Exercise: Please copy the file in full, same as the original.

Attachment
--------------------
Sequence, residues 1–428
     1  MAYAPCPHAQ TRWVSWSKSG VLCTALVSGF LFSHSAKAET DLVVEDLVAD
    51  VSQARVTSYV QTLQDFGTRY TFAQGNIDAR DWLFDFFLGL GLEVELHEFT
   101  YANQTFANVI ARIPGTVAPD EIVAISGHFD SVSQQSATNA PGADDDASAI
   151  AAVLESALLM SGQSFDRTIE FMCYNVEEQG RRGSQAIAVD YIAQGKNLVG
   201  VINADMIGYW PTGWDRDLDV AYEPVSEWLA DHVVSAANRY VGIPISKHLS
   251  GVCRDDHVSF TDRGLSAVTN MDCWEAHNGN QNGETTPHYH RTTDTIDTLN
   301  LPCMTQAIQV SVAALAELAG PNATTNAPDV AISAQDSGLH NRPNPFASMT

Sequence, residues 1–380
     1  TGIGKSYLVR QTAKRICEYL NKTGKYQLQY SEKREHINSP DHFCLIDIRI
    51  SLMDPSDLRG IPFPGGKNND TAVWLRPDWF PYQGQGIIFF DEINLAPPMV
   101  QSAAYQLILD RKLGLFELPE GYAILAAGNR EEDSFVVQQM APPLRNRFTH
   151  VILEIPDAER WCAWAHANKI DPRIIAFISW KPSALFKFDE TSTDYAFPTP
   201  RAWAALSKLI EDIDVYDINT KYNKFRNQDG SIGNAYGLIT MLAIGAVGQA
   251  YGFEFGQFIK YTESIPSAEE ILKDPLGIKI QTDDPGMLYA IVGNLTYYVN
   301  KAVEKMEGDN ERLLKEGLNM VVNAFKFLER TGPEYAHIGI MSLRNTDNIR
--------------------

Sequence, residues 1–428
     1  MAYAPCPHAQ TRWVSWSKSG VLCTALVSGF LFSHSAKAET DLVVEDLVAD
    51  VSQARVTSYV QTLQDFGTRY TFAQGNIDAR DWLFDFFLGL GLEVELHEFT
   101  YANQTFANVI ARIPGTVAPD EIVAISGHFD SVSQQSATNA PGADDDASAI
   151  AAVLESALLM SGQSFDRTIE FMCYNVEEQG RRGSQAIAVD YIAQGKNLVG
   201  VINADMIGYW PTGWDRDLDV AYEPVSEWLA DHVVSAANRY VGIPISKHLS
   251  GVCRDDHVSF TDRGLSAVTN MDCWEAHNGN QNGETTPHYH RTTDTIDTLN
   301  LPCMTQAIQV SVAALAELAG PNATTNAPDV AISAQDSGLH NRPNPFASMT

Sequence, residues 1–380
     1  TGIGKSYLVR QTAKRICEYL NKTGKYQLQY SEKREHINSP DHFCLIDIRI
    51  SLMDPSDLRG IPFPGGKNND TAVWLRPDWF PYQGQGIIFF DEINLAPPMV
   101  QSAAYQLILD RKLGLFELPE GYAILAAGNR EEDSFVVQQM APPLRNRFTH
   151  VILEIPDAER WCAWAHANKI DPRIIAFISW KPSALFKFDE TSTDYAFPTP
   201  RAWAALSKLI EDIDVYDINT KYNKFRNQDG SIGNAYGLIT MLAIGAVGQA
   251  YGFEFGQFIK YTESIPSAEE ILKDPLGIKI QTDDPGMLYA IVGNLTYYVN
   301  KAVEKMEGDN ERLLKEGLNM VVNAFKFLER TGPEYAHIGI MSLRNTDNIR